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3 Reasons Why Kids Need Systematic Theology

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Author/Source: Sam Luce

Topic: Theology, Teaching, Culture

Times have changed. As children's pastors and parents, we need to realize that our kids need more than what we're teaching.

I know what you are thinking: “Isn’t that a bit much for kids?” 50 years ago I would have agreed with you, even 20 years ago. Today is a different day. There are many reasons for this, but I think D.A. Carson’s analysis is most concise in this matter. He says, ”One generation knows the gospel; the next assumes the gospel; and the third generation denies the gospel.”

During the time when I was growing up as a kid and, I believe, even during my first few years as a children’s pastor, we lived in a season where the gospel was assumed. There were no sports or school activities available on Wednesday night for children so that kids could go to youth group. Stores were closed on Sunday so people could spend time with family and observe the Sabbath. We lived in a culture where Christian ideas, thoughts and standards, for better or for worse, pervaded our country. In the South today this is still true to some extent. I think the feeling when I was growing up was that you didn’t need to give kids as deep of a grounding in doctrine and truth because it existed everywhere. There was stuff you had to learn for sure, but I think many things were assumed.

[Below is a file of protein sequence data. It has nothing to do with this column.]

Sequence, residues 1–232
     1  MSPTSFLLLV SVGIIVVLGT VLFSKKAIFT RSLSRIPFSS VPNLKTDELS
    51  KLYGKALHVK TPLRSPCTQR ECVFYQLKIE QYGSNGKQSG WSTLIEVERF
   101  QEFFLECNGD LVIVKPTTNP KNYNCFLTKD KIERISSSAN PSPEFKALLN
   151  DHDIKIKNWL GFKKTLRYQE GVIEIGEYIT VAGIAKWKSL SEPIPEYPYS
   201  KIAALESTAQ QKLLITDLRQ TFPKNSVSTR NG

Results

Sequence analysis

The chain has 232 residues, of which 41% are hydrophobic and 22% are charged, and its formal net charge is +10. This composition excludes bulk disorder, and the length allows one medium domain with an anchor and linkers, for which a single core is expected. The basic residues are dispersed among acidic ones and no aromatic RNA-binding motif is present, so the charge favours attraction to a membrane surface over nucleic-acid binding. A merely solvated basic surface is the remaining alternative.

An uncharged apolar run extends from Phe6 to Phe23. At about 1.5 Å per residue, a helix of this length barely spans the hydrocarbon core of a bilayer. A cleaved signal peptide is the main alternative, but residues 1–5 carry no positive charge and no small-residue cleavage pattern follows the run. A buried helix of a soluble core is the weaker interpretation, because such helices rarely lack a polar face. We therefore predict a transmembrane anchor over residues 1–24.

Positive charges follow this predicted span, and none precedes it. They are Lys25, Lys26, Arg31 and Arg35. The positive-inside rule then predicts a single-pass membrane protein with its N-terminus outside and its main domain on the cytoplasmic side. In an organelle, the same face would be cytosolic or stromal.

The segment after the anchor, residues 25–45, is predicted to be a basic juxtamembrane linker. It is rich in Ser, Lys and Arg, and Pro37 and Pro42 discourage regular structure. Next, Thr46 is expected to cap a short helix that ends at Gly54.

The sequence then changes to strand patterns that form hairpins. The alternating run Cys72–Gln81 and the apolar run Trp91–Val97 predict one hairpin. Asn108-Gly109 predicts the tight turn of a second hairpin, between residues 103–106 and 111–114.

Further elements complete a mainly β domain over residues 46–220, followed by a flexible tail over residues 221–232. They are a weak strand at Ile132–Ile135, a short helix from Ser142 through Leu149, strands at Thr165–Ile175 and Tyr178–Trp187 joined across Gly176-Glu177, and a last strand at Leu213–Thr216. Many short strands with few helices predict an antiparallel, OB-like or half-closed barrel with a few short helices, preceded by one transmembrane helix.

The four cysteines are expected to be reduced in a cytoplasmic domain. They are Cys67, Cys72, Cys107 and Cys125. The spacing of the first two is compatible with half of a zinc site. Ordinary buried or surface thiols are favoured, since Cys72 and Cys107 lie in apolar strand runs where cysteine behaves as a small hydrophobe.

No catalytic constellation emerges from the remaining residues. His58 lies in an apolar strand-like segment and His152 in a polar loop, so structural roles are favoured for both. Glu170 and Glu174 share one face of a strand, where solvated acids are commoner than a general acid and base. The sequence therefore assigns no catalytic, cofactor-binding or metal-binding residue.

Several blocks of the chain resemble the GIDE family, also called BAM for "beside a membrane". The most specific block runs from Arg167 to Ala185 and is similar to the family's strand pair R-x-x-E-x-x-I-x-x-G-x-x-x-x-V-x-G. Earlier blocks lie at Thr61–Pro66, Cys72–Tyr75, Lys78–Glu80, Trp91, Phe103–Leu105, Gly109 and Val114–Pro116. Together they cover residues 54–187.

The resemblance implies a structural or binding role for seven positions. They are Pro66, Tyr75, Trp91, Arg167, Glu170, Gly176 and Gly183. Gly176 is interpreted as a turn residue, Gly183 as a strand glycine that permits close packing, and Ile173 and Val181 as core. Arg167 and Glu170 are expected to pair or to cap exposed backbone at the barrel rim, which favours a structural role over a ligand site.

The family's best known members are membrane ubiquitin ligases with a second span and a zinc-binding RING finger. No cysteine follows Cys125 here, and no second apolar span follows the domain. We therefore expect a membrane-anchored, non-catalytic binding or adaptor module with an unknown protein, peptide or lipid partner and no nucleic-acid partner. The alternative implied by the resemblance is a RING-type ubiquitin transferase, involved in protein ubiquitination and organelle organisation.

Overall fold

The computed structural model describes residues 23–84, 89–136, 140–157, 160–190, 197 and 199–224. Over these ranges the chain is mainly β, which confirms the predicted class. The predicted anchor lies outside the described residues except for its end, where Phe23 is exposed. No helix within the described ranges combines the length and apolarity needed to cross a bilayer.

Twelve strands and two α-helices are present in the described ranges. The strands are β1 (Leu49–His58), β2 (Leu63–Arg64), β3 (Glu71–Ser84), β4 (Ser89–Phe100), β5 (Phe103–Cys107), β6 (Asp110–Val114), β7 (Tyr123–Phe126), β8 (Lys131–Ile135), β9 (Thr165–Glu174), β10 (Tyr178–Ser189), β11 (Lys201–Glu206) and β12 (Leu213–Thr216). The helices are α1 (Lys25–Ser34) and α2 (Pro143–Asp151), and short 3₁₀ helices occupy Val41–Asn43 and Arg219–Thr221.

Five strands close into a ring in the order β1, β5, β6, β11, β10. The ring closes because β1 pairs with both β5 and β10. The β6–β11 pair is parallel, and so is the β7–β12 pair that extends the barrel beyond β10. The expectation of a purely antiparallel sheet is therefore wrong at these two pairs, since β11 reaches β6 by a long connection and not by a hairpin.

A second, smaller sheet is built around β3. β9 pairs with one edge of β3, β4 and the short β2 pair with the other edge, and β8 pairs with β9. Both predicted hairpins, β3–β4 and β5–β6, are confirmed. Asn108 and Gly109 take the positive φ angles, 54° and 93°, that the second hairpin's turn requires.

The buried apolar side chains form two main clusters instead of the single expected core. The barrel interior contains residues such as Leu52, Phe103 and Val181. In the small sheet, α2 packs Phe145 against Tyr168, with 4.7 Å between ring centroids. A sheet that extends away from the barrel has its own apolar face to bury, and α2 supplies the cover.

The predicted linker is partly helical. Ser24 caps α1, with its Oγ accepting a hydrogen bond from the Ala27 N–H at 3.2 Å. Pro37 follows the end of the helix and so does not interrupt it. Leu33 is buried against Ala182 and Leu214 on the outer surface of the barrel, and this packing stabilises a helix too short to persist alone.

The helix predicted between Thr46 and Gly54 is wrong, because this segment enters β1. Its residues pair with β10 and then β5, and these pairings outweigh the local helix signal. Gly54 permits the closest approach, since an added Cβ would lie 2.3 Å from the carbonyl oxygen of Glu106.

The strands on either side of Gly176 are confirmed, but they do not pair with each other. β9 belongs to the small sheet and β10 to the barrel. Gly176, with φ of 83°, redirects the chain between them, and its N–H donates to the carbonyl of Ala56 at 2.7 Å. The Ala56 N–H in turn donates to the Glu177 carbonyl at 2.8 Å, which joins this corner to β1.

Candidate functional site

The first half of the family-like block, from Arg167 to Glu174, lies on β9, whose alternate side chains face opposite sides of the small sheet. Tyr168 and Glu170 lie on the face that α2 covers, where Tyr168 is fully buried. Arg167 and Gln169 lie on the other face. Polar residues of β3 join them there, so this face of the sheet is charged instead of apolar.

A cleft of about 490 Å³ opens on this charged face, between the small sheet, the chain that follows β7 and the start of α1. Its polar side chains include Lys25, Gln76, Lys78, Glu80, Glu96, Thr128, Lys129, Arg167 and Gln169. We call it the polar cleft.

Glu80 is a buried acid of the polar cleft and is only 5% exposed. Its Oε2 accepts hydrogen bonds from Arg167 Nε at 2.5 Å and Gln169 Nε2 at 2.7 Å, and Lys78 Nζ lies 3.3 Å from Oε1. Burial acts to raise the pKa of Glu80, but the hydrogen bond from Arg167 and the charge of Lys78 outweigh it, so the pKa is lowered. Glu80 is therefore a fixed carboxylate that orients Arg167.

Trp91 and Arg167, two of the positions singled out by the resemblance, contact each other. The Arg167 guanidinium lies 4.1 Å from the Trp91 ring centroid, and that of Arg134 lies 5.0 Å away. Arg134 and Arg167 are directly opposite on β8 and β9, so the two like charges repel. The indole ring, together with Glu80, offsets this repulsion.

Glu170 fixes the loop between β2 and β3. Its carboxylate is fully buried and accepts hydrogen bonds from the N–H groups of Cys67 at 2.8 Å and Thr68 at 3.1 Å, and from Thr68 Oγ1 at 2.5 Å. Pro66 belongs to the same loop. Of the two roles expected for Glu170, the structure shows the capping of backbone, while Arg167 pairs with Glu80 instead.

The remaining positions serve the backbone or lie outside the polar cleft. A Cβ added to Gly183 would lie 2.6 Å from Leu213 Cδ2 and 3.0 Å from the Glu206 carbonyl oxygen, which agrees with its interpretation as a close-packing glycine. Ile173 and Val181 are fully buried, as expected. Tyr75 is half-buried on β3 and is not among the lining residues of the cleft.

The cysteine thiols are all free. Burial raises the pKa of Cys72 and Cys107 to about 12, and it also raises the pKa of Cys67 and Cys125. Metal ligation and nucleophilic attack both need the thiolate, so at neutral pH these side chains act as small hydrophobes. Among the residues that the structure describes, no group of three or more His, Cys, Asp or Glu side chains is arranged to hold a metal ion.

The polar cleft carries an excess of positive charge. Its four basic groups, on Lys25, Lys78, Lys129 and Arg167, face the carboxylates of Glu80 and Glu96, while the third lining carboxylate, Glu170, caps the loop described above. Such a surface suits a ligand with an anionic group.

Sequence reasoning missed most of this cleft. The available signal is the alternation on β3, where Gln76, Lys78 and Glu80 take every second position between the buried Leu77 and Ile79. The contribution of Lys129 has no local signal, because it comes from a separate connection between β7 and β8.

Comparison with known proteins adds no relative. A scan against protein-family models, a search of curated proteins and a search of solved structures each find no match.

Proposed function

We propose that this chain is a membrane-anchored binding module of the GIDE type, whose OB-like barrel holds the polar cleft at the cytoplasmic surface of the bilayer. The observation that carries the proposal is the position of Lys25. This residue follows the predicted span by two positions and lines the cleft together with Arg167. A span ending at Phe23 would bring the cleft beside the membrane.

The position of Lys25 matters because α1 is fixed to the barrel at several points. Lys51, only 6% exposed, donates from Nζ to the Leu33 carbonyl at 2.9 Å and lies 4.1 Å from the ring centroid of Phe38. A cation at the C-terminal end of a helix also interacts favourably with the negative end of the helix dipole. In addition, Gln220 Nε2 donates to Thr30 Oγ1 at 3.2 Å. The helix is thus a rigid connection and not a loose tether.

As parents and as pastors, we can no longer assume anything. We live in arguably the most secular age our country has ever seen. We must proactively teach our kids the stories of the Bible but also the truth underneath the stories and most importantly the person to whom those truths and stories point.

That is the context for why we need to teach our kids systematically. Now here are a few reasons why it matters.

  1. Feelings matter but they most often lie to us. If our kids are not grounded in truth, their feelings will move them to love Jesus until they no longer feel like loving Jesus. We all need to know God and experience God. Knowing what is true places an anchor in our soul, so that even though storms may rage we will be moved but never drift. Truth anchors us in hope on the Rock of Ages.
  2. Systems create categories that allow for understanding to take root. Randomly teaching kids Bible stories has some value, but systems allow us to teach the whole counsel of God to our kids. Our kids need to hear the stories of Daniel and David but they need to know the God of Daniel and David. I believe that happens through systematically teaching doctrine in a relational environment. By reading my kids systematic theology, they have been asking questions about God they have never asked because it is creating categories about who God is that never existed in their minds before.
  3. Kids need truth that is over their heads. I know what I just said. Hold off the dogs and hear me out. I am a firm believer that we need to teach not just stories of people, animals and adventure to our kids. We must teach our kids all of who God is even before they fully understand all we taught. I appreciate all the brilliant people who tell us how kids learn. We should listen to them but not be discipled by them. What I mean is we must teach kids a faith they can grasp today, but we must also prepare them for the faith they are going to need tomorrow. To prepare kids for future faith, we must give them deep truths that will provide grounding in the face of tomorrow's storms that WILL challenge their faith. As parents and pastors, we must give kids a faith that is big enough that they can grow into it rather than a faith that is so simple they will outgrow it.

 


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